Those policies, Lem’s study and the works of people like Irvine clearly show, need to change. In order to address homelessness, we need to factor in and respect the value of offering people in that situation a form of companionship, support, and responsibility they often need and desire. We need to make pets a part of our homeless services, not just retroactively but proactively as well, perhaps working the homeless into adoption schemes for neglected animals.

As we do, the inevitable outrage over these programs and policy shifts from the “homeless dogs need saving” camp will hopefully spark dialogue in which the hard facts will win out. For now, the next time any of us feel a reactionary twinge of judgment at the sight of a homeless individual with a pet on the streets, we can start by recognizing our feelings for what they are—a stupid, baseless bias.

This story originally appeared on GOOD.

Courtesy of Elaine Ahn

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Connections Academy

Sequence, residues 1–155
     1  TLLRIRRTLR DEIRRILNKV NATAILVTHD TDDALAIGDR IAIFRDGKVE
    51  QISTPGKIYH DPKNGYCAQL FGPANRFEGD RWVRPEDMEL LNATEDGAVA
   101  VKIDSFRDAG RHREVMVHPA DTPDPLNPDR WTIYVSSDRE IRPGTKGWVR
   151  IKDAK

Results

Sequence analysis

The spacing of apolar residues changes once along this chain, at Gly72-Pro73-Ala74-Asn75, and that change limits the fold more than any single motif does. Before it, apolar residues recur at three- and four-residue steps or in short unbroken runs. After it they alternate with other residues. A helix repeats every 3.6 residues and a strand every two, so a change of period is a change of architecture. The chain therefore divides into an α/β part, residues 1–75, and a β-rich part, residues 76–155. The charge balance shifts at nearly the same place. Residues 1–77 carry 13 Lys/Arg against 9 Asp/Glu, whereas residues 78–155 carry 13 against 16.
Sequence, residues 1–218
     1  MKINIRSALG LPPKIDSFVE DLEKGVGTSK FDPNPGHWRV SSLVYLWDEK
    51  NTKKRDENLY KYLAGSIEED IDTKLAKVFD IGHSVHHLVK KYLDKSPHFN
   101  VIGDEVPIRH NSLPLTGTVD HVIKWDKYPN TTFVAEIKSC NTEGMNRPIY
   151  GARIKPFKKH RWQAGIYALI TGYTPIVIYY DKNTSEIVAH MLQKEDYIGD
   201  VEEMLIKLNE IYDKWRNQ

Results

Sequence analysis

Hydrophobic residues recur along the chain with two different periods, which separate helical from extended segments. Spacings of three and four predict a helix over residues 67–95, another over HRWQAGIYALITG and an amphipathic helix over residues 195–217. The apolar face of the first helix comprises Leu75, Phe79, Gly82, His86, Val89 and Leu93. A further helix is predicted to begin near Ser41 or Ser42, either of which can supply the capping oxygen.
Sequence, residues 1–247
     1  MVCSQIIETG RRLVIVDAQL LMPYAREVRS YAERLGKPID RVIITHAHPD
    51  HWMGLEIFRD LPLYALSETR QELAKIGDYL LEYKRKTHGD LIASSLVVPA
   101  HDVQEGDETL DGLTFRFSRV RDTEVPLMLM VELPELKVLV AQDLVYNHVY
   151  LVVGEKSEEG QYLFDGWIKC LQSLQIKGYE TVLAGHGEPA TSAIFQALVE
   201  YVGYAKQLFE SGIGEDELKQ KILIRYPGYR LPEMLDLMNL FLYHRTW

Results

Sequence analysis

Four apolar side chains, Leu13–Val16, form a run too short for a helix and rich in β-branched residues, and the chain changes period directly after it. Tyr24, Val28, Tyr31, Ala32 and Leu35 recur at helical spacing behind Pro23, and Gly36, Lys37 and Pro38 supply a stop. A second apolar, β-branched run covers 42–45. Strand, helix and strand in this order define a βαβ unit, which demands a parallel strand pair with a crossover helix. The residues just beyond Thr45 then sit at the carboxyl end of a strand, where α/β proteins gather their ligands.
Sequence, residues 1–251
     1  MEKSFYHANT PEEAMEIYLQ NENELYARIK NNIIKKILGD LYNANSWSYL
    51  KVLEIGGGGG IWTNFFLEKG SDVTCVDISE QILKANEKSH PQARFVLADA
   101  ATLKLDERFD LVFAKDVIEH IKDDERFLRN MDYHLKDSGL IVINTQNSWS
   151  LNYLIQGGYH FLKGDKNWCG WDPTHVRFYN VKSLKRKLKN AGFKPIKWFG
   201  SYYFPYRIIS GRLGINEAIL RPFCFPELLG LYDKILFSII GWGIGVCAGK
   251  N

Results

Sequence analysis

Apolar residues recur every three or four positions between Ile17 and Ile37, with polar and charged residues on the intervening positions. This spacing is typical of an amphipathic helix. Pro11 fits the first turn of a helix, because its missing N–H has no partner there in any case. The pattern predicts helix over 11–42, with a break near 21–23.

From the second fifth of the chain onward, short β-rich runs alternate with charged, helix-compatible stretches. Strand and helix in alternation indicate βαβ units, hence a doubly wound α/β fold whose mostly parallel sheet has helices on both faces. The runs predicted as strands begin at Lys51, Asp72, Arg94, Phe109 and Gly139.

Wylee Mitchell is a senior at Nevada Connections Academy who started a t-shirt company to raise awareness for mental health.

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Teens of today live in a totally different world than the one their parents grew up in. Not only do young people have access to technologies that previous generations barely dreamed of, but they're also constantly bombarded with information from the news and media.

Today’s youth are also living through a pandemic that has created an extra layer of difficulty to an already challenging age—and it has taken a toll on their mental health.

According to Mental Health America, nearly 14% of youths ages 12 to 17 experienced a major depressive episode in the past year. In a September 2020 survey of high schoolers by Active Minds, nearly 75% of respondents reported an increase in stress, anxiety, sadness and isolation during the first six months of the pandemic. And in a Pearson and Connections Academy survey of US parents, 66% said their child felt anxious or depressed during the pandemic.